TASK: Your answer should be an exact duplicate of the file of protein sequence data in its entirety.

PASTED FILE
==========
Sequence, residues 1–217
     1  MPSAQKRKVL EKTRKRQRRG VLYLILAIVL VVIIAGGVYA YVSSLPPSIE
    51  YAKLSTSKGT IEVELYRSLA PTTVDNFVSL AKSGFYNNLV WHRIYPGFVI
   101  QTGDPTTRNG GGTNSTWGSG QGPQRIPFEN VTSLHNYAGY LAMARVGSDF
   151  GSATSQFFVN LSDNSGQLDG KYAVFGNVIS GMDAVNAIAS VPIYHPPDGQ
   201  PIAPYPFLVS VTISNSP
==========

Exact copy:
Sequence, residues 1–217
     1  MPSAQKRKVL EKTRKRQRRG VLYLILAIVL VVIIAGGVYA YVSSLPPSIE
    51  YAKLSTSKGT IEVELYRSLA PTTVDNFVSL AKSGFYNNLV WHRIYPGFVI
   101  QTGDPTTRNG GGTNSTWGSG QGPQRIPFEN VTSLHNYAGY LAMARVGSDF
   151  GSATSQFFVN LSDNSGQLDG KYAVFGNVIS GMDAVNAIAS VPIYHPPDGQ
   201  PIAPYPFLVS VTISNSP